Sharfman: Dwight For MVP

By Noah Sharfman
April 4, 2011

ORLANDO – What makes a player an MVP candidate? Is it his statistical output? If the MVP is awarded strictly based on a player’s statistics, the Orlando Magic’s Dwight Howard has cemented his name atop the MVP race. Entering the month of April, Howard is averaging a career-high 23.1 points per game and 14.2 rebounds per game while also besting his record for steals in a season – and the Magic still have seven games left in the regular season to add to his totals.

However, Howard goes further than just averaging high numbers in scoring and rebounding, as he has accomplished many other statistical feats over the course of the 2010-11 season. This year, the Magic’s starting center recorded his sixth consecutive season with at least 1,000 rebounds and 100 blocks, the second-most seasons in NBA history with at least 1,000 rebounds and 100 blocks. Howard also became the youngest player in NBA history to amass 7,000 career rebounds, assuming the spot that was once held by four-time NBA MVP Wilt Chamberlin, and became the fifth youngest player to score 10,000 career points. Should he finish the season ranked in the top 10 in scoring, rebounding, blocks and field goal percentage, he would become just the 10th player in NBA history to finish a season in the top 10 in each of those categories.

But statistics are not the only factor that makes a player an MVP candidate. If the MVP is awarded based on a player’s importance to his own team, Howard has even more solidified his name atop the race for MVP. There is little questioning that Howard, a five-time NBA All-Star and the reigning two-time NBA Defensive Player of the Year, is the Magic’s best player and anchor for the team both offensively and defensively. On the offensive side of the ball, Howard is the Magic’s lone low-post scoring threat and consistently takes on double and triple-teams from the opposing defenses. Howard has led the Magic in scoring in nearly 70 percent of the Magic’s games and has posted more than 60 double-doubles for the sixth consecutive season. Defensively, he is the NBA’s preeminent defender and a virtual lock for his third consecutive Defensive Player of the Year award while leading the Magic in rebounds, blocks and steals.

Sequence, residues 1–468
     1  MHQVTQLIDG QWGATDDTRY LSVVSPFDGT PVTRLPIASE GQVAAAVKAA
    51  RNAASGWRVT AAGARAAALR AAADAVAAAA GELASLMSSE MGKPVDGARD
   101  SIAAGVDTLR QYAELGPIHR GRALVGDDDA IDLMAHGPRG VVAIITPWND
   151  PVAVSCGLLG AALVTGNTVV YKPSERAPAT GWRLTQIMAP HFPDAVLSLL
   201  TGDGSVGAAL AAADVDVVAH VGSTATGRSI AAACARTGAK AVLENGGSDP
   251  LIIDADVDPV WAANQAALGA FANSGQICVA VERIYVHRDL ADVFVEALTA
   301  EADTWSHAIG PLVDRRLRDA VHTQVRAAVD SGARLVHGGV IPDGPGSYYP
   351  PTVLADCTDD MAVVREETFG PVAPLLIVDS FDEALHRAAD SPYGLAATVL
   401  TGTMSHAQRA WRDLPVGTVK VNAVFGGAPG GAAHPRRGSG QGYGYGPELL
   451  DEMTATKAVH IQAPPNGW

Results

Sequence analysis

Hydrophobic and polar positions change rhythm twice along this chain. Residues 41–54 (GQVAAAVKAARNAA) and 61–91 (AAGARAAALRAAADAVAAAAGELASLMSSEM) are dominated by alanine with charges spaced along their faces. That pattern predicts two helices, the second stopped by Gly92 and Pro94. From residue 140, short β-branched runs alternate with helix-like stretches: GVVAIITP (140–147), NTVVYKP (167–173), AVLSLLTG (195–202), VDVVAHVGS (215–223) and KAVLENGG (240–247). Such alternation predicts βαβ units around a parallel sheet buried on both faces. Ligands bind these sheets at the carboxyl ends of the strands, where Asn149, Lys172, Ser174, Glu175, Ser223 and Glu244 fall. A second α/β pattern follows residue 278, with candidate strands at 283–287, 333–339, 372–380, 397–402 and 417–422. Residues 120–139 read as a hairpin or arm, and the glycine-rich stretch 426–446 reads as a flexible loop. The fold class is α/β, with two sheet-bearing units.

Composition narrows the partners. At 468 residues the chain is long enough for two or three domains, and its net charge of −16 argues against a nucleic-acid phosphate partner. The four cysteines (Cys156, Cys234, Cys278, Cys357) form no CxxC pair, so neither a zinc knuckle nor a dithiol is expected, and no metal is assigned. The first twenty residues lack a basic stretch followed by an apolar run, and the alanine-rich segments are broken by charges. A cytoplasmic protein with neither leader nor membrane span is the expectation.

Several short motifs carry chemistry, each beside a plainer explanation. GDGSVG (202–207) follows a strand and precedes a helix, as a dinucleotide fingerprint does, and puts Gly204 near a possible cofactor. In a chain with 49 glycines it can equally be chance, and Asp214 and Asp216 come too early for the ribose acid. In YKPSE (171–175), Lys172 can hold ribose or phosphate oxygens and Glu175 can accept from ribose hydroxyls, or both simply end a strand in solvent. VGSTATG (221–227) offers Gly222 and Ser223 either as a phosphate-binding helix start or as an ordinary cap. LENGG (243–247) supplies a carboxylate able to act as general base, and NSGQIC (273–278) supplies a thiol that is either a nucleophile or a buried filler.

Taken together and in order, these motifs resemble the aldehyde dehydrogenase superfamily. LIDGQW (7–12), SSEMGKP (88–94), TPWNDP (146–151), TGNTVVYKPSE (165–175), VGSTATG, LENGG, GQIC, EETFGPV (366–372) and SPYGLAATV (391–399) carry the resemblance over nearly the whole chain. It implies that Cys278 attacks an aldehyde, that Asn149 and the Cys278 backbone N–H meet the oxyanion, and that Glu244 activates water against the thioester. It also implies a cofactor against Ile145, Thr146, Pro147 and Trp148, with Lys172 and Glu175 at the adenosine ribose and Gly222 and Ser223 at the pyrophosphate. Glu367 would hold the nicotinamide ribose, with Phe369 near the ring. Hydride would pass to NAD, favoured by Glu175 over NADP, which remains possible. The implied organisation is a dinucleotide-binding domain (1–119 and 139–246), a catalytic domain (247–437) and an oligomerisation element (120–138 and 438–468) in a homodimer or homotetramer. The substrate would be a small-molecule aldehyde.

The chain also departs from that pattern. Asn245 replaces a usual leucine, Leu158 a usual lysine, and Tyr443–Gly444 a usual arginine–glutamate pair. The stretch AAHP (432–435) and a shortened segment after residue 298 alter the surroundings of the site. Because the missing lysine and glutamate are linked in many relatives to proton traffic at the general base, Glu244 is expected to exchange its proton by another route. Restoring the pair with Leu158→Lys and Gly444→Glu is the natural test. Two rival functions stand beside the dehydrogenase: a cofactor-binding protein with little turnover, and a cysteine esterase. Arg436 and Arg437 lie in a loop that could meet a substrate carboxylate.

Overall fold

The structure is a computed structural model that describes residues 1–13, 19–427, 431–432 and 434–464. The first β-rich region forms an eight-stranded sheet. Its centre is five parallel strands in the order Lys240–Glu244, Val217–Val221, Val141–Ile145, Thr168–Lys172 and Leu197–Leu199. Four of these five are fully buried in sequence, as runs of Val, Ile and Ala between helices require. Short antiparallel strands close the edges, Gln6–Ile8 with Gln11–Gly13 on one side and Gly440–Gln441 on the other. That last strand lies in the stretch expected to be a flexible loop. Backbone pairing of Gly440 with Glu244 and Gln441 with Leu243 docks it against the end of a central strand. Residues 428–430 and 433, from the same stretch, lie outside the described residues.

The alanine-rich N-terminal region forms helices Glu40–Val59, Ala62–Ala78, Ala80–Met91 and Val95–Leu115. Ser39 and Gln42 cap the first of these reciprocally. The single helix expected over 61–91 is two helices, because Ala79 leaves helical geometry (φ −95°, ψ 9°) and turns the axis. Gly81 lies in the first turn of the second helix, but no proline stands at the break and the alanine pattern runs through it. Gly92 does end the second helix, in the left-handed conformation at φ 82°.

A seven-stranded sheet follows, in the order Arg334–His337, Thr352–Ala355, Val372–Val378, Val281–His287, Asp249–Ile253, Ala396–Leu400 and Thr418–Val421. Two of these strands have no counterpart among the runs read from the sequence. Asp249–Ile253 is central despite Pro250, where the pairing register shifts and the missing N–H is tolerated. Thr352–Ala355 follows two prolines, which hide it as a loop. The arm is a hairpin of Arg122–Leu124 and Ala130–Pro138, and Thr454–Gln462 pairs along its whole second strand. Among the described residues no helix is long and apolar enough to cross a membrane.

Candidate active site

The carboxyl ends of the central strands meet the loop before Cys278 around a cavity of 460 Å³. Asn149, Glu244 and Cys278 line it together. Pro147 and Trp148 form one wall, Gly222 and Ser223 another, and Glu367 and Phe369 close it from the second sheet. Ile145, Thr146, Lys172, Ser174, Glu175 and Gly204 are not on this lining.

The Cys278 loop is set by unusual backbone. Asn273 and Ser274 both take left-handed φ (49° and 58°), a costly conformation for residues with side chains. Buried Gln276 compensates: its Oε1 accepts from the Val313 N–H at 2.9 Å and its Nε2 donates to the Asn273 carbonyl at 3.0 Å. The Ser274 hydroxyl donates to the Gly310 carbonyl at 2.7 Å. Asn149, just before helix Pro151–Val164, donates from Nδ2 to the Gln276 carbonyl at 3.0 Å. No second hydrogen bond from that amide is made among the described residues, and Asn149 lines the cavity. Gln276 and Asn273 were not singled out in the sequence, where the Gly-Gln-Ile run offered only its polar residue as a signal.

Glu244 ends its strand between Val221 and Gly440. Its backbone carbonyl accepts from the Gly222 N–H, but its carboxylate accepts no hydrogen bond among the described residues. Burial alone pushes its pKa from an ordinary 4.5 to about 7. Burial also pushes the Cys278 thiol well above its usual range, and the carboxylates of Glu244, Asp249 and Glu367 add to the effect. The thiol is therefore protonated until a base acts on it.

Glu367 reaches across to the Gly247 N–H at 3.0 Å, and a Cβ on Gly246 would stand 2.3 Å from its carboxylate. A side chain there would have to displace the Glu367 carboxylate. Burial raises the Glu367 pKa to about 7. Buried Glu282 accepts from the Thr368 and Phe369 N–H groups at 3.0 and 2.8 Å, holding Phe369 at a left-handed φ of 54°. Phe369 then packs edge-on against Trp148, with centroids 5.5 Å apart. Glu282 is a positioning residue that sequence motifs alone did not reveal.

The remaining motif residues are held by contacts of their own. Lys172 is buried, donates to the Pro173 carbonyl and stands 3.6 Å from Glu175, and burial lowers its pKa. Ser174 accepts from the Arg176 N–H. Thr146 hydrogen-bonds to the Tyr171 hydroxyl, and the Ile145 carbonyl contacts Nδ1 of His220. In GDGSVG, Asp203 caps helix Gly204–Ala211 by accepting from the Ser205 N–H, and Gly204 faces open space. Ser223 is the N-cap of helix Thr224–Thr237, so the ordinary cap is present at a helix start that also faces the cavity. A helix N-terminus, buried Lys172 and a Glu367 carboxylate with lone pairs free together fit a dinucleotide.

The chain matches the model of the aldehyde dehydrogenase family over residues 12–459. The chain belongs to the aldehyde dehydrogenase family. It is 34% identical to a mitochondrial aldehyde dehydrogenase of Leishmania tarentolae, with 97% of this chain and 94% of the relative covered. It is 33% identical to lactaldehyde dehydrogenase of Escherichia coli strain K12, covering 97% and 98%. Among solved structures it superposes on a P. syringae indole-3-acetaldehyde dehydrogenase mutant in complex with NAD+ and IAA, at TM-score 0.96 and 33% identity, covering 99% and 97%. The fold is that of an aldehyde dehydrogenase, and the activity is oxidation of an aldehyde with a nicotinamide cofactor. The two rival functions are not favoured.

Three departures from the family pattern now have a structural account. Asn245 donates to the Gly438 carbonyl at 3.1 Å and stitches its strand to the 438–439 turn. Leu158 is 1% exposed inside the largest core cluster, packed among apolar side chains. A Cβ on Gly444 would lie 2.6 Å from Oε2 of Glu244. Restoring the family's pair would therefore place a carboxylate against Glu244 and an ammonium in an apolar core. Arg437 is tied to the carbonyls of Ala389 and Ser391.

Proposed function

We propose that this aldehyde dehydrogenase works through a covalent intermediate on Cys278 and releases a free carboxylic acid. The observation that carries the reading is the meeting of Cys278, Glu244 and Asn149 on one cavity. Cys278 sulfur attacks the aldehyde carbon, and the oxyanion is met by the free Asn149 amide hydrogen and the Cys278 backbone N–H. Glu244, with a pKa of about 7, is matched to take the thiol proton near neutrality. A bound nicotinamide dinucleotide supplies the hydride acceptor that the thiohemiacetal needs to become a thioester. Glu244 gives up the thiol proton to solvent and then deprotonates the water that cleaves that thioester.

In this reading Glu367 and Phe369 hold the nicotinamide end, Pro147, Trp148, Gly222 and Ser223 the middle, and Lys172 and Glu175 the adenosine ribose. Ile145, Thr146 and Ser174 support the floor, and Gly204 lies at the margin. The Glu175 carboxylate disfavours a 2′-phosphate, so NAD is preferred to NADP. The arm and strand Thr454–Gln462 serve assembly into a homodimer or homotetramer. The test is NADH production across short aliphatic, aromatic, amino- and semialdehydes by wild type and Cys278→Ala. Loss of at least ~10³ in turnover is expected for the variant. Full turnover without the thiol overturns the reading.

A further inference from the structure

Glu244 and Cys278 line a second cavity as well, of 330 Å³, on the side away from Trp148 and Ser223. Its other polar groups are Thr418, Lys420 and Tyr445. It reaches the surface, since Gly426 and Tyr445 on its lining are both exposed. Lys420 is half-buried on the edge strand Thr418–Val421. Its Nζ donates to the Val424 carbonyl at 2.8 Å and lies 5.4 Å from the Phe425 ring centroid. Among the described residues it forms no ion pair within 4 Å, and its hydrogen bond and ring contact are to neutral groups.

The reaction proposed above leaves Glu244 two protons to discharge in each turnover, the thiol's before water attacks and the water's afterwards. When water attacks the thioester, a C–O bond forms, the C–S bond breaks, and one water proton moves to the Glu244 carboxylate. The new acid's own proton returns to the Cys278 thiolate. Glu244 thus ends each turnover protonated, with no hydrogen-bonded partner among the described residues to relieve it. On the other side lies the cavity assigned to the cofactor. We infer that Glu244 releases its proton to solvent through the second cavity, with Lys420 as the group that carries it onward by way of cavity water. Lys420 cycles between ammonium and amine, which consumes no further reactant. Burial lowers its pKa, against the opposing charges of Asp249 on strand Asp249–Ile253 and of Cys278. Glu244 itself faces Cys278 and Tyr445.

“To me, with his rebounding, his scoring and his defense, I just don’t think there’s anybody that impacts as many possessions in a game as Dwight does,” Magic Head Coach Stan Van Gundy said. “I think Derrick Rose has been great…I think it’s a hard choice to make, but I still don’t think anyone impacts the game as many possessions as Dwight does.”

Unlike other NBA awards, the league’s MVP award is voted on by members of the media, and the success of the team is often taken into consideration when voting for each MVP candidate. But in fairness to Howard and the rest of the Magic, the team has not fallen short of expectations in the 2010-11 campaign. The Magic are slated to make the playoffs for a fifth straight year (and will have home court advantage in the First Round) and have posted 50-plus wins for a fourth consecutive season.

As has been the case in past years, there are standards by which the media votes for the NBA’s MVP. Last season, the media named a player in his seventh season MVP over the NBA’s leading scorer who was in his third season, as LeBron James bested Kevin Durant for the league’s top honor. Additionally, in the previous three seasons, the player who won the NBA’s MVP award also won the most Player of the Week awards in his conference. This season, Howard has earned the league’s top weekly honor an NBA-high six times entering the month of April.

If history is said to repeat itself, Howard figures to be among the media’s list of MVP candidates this season. But as the regular season winds down and the playoffs begin, individual accomplishments are far from Howard’s mind. In fact, the Magic’s MVP candidate only has one goal: “Win a championship. That’s it.”